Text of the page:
[1] Retrieved and paraphrased from: https://frassatiusa.org/frassati-biography and http://www.catholic.org/saints/saint.php?saint_id=6994

 

A Letter to Saint Francis of Assisi

Garrett writes a letter to Francis of Assisi, his patron saint.

Dear Francis of Assisi,

Greetings, my patron saint! I believe this letter is long overdue. We’ve already had a long and interesting correspondence across the span of 800 years (and my comparatively shorter 25 years). You’ve definitely had a very strong influence in shaping my faith when I was younger, and your example continues to inspire me in various ways.

I think my first encounter with you was as a teenager reading Carlo Carretto’s fantastic book I, Francis. In this book, Carretto addressed the reader with your voice, giving an introduction to your life and thought. What I really took away from reading that book was your joy and appreciation for God’s other creations. At the time, I was struggling a lot with the question of how to make people see the beauty of the faith when it seemed as if no one was interested or had other things preoccupying their time. Thus, when I read your story, and learned about how you were so willing to be a fool for Christ in order to get people to pay attention and hopefully open their eyes to consider higher things. So when it was time to pick a confirmation name, for me the obvious choice was, of course, Francis.

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修直道路

Greg反思圣若翰洗者呼吁我们“修直道路”之意,从而发现自己有时误将“道路”视为“终点”。

有一个呼声喊说:
“你们要在旷野中预备上主的道路,
在荒原中为我们的天主修平一条大路!”(依40:3)

将临期的福音中,我们常听见圣若翰洗者准备迎接耶稣的使命。这个使命即是依撒意亚先知所预言,且圣若翰洗者所重申的这一点:

“我是在旷野里呼喊者的声音:修直上主的道路罢!”
(若1:23)

将临期提醒我们要在心灵之中为上主修直道路,好为祂的圣诞做准备。教会教导我们,修直道路的方法有好多:阅读圣经,尤其反思将临期的读经;检讨良心,在心中为耶稣腾出空间;深入祈祷,加深与天主的感情,等等。我想,这些都是准备迎来将临期的好方法。对我而言,此文章实属自我告诫:重要的不是道路,而是耶稣。

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Did Curiosity Kill the Catholic?

Greg muses how being curious can enhance and supplement our Faith.

Don’t you love how children always question the things around them?

“Mummy, why is the sky blue?”

“Daddy, why is 1+1 equals to 2?”

“Mummy, where did I come from?”

As we grow up, we learn more and more things. Eventually, we begin to stop questioning every piece of information that comes our way. During one of my random thought moments (I have plenty of those, although a majority of the thoughts probably aren’t the best), I’ve begun to realized how much I’ve stopped allowing myself to be curious. Maybe it’s due to my thoughts being too all over the place to be properly inquisitive. Or maybe it’s because the effort and time needed to begin looking for those answers was way too much (relative to simply accepting said information). Maybe it’s just that I’m not so bothered by it anymore.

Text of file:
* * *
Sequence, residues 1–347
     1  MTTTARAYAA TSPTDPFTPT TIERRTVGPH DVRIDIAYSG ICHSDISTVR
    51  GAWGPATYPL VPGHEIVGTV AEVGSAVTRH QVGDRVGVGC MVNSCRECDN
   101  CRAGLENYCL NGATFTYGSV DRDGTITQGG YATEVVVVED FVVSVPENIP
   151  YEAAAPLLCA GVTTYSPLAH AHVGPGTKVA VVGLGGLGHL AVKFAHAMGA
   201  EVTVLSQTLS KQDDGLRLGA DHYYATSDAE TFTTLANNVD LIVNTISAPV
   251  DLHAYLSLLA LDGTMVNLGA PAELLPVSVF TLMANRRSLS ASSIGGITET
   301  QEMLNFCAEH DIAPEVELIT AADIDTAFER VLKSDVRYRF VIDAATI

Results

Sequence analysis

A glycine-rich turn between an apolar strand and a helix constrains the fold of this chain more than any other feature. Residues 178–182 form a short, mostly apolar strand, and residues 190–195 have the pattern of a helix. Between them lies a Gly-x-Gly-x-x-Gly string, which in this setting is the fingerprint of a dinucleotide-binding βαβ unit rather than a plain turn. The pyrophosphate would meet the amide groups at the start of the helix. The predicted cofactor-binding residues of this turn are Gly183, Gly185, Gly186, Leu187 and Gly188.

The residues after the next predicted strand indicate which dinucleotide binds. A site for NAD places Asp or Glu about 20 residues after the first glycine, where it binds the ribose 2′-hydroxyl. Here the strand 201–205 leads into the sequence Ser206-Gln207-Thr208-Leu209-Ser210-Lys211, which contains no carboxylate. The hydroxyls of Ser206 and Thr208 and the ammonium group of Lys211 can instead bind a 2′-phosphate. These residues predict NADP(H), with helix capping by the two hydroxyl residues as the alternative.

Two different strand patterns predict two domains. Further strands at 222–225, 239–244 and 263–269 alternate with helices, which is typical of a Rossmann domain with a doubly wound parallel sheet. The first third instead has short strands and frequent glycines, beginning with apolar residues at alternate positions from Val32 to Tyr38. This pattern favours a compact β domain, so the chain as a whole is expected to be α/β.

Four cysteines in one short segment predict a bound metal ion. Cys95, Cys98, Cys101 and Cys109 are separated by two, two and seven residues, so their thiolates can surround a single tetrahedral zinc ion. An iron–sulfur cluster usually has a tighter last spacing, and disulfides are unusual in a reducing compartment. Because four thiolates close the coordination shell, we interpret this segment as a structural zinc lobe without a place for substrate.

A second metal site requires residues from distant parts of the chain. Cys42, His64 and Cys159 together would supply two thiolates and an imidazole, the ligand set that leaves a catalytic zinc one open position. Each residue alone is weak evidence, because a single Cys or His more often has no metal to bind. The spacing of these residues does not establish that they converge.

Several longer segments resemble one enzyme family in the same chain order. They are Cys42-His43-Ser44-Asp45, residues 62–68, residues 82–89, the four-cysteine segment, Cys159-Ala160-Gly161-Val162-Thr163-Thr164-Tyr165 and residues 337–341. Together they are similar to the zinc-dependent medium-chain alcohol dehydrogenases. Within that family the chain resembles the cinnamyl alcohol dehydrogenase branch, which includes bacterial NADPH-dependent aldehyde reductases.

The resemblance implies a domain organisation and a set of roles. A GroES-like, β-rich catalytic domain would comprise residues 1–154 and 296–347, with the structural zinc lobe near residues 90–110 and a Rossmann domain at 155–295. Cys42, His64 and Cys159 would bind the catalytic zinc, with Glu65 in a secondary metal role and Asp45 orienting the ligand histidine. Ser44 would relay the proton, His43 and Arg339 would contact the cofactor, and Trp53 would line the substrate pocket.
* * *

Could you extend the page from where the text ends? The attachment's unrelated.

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Ministry and Theory of Mind

Garrett talks about the Theory of Mind and how it can help us understand the spiritual journeys of ourselves and others.

One piece of advice I will never forget receiving from my Spiritual Director is this: in ministry, you must learn to speak the language of the heart. This means learning to empathize with our fellow brothers and sisters in Christ, and identifying with their struggles and hopes. Being a more bookish and studious sort of guy, I must admit this changed the way that I approached my ministry. When before I looked to form ideas from high concepts to improve the institution or society as a whole, I started again from the ground up, having casual conversations that eventually led to a deeper sharing of lives, which in turn helped me gain a deeper understanding of the universal struggles of the human condition. I realized how crucial it was to understand the hearts of my fellow members of community, and how easy it was, as a leader, to become out of touch with the average member’s spiritual needs.

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Why do I… believe in God?

Greg weighs in on the difficult existential question, “Why do I believe in God?”

Now, this topic has been discussed, debated, pondered and meditated upon ever since the beginning of humanity – whether you believe we were created in 7 days or evolved slowly over billions of years – an issue which splits even Catholics into 2 camps, not unlike Moses splitting the Red Sea. There are so many answers and ideas about this very topic by everyone scientists to saints, philosophers to priests and anyone who ever had a notion on where they stand on this issue. Ideas from brilliant thinkers such as Albert Einstein, Stephen Hawkins, Rene Descartes, Immanuel Kant, St Thomas Aquinas, St Augustine and many more have attempted to justify their answers to this question:

Is there a God?